This week’s post really adds a splash of colour to the the pages of Good Design. AkzoNobel owned brandDulux have, along with their re-brand (or more of a brand evolution) added a rather charming and endearing brand mission ‘Let’s Colour’. Now granted this campaign has been around for a couple of years, so you may well be familiar with it! If so I apologize and please feel free to stop reading now. However if like me you are just coming across it for the first time, it is a really lovely case study of a brand not just designing a nice new shiny logo but bringing the brand to life with a simple yet on point brand mission.
In 2010 Dulux decided to resolve the issue of having many international variations of Dulux and condense them all into one brand. They launched the new global visual identity system created by London-based Design Bridge across Canada, China, India, South East Asia, the Pacific and the Netherlands with other regions following. But they didn’t stop there. Dulux, like all the best forward-thinking brands, realized that in order to remain relevant a simple logo redesign was not going to suffice. So they went right back to what was at the core of Dulux and asked themselves what does Dulux stand for and what is it that they inspire their customers to do? Their answer was, ‘Let’s Colour’. A simple, inspirational and motivational strap-line that empowers and encourages their customers to celebrate the transformational and emotional value of colour. But they didn’t stop there. They then said to themselves well sure, colour has the power to transform people’s homes but could it literally transform people’s lives? They certainly thought so and they embarked on the epic ‘Let’s Colour Project‘.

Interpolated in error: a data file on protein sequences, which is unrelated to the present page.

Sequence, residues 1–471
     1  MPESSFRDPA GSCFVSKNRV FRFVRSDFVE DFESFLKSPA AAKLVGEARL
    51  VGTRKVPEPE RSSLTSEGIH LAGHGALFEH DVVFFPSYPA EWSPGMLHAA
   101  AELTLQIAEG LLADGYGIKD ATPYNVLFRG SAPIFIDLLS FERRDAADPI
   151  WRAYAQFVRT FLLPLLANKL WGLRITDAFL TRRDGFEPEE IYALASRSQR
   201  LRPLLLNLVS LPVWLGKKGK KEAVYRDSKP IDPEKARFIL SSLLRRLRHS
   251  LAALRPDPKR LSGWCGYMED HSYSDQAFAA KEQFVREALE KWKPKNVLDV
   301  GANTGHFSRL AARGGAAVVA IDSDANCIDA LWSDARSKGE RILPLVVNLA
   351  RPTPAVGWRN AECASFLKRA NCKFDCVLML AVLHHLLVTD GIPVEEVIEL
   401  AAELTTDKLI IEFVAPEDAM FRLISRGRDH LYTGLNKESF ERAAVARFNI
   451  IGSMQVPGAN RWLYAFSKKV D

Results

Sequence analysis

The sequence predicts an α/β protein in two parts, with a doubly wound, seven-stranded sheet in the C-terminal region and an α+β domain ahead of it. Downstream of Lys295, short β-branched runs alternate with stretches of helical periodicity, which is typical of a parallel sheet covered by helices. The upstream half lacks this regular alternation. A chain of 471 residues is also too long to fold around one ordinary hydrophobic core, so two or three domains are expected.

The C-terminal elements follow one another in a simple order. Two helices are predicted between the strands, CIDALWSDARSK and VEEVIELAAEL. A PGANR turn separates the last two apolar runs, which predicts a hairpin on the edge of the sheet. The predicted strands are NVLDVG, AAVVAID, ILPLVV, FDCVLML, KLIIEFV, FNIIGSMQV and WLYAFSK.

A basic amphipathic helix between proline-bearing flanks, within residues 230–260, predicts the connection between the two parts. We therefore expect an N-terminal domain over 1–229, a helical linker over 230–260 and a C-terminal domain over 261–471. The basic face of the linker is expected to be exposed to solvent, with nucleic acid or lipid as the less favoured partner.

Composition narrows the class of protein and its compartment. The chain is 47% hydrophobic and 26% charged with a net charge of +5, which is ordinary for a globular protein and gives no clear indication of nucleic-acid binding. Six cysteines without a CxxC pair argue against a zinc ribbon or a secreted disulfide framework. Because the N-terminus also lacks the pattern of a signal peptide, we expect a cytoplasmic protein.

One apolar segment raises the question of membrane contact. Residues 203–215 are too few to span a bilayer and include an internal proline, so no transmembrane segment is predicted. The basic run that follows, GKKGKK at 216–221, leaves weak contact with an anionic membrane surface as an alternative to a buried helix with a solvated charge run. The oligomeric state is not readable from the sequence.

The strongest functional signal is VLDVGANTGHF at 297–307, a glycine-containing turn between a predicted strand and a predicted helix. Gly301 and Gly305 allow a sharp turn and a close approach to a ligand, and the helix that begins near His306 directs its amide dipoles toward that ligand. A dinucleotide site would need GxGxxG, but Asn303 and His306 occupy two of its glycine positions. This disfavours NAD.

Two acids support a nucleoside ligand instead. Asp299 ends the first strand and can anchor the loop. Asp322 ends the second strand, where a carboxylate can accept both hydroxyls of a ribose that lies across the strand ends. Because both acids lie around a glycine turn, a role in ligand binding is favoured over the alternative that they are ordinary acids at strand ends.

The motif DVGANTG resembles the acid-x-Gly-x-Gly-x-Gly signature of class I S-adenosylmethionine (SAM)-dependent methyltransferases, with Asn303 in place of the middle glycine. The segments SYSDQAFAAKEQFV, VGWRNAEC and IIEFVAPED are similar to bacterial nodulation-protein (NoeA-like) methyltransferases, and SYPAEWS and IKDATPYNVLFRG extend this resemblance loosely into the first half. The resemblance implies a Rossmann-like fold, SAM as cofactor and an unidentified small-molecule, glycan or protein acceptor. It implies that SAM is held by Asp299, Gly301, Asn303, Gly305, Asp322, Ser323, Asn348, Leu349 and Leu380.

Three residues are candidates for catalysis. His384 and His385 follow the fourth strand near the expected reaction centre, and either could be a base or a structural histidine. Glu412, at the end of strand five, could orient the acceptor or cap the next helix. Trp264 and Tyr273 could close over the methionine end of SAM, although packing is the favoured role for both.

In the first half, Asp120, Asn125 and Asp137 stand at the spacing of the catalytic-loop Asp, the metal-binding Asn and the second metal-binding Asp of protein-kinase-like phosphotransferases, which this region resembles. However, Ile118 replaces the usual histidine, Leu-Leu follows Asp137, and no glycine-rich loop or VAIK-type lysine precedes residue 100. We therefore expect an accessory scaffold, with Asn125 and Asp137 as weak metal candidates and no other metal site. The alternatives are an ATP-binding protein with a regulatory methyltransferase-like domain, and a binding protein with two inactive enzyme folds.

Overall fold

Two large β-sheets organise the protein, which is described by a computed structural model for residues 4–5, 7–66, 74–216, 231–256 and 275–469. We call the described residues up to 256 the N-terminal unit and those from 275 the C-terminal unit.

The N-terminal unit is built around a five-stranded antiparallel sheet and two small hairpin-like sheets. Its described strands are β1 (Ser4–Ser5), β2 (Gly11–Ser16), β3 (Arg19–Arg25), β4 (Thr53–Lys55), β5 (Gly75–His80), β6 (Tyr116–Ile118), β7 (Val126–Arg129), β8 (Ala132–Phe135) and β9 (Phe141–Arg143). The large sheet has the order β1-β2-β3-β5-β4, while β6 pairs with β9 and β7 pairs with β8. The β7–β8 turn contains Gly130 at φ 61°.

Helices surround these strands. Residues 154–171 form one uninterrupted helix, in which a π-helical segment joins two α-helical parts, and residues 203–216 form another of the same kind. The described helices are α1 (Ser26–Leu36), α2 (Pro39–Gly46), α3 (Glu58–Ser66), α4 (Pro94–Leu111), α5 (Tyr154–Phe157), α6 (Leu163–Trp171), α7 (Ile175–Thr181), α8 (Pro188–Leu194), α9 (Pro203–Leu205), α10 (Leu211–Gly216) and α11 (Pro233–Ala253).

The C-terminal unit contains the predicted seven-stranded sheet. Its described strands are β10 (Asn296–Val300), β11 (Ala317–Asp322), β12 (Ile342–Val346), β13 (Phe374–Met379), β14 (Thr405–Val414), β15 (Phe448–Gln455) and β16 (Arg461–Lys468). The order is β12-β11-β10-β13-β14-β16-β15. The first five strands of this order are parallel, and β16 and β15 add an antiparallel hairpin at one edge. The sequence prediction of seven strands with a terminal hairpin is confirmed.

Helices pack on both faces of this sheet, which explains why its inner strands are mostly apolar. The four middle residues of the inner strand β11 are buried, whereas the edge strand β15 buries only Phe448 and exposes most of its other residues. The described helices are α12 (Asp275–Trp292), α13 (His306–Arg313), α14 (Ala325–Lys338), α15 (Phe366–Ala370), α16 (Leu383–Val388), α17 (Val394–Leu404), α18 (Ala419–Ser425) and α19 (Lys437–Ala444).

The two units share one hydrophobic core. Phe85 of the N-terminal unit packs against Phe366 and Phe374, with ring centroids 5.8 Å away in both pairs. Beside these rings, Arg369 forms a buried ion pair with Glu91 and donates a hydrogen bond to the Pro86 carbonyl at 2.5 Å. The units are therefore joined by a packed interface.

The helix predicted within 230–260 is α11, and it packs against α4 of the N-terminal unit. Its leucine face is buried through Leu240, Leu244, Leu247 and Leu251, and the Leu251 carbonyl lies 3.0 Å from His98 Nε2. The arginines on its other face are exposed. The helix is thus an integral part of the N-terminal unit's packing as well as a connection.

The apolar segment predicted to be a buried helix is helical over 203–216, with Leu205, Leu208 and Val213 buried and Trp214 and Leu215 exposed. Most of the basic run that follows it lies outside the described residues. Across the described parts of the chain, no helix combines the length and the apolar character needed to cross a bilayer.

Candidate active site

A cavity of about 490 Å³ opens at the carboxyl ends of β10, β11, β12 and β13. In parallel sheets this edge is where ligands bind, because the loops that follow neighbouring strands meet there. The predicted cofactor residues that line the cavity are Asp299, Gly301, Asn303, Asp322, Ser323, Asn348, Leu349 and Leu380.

The ‘Let’s Colour Project’ sent groups of volunteers into local communities, globally, to help transform dull and grey spaces into vibrant colourful places to live using paint. The advertising agency behind it, Euro RSCG London, wanted to create a natural and interactive campaign that expressed the social mission of ‘bringing colour to people’s lives’ far more effectively and genuinely than traditional advertising. Alongside the project they set up a blog where people could keep in touch with what was happening in real time and interact via social media. It was and has been a huge success, brightening up communities from Rio de Janerio to London.
I accept that some people may think this is too high-minded for a ‘paint company’ and what real difference can a few coloured walls really make to deprivation in struggling communities ? But I would argue that Dulux, unlike many other global brands have set out with a promise they can actually deliver! Yes it is simple, but I think in its simplicity lies its beauty. They are not saying they can save the world, but they can make it a bit nicer to look at everyday with their product and bring joy to the humdrum of people’s lives. And what’s wrong with that? Nothing.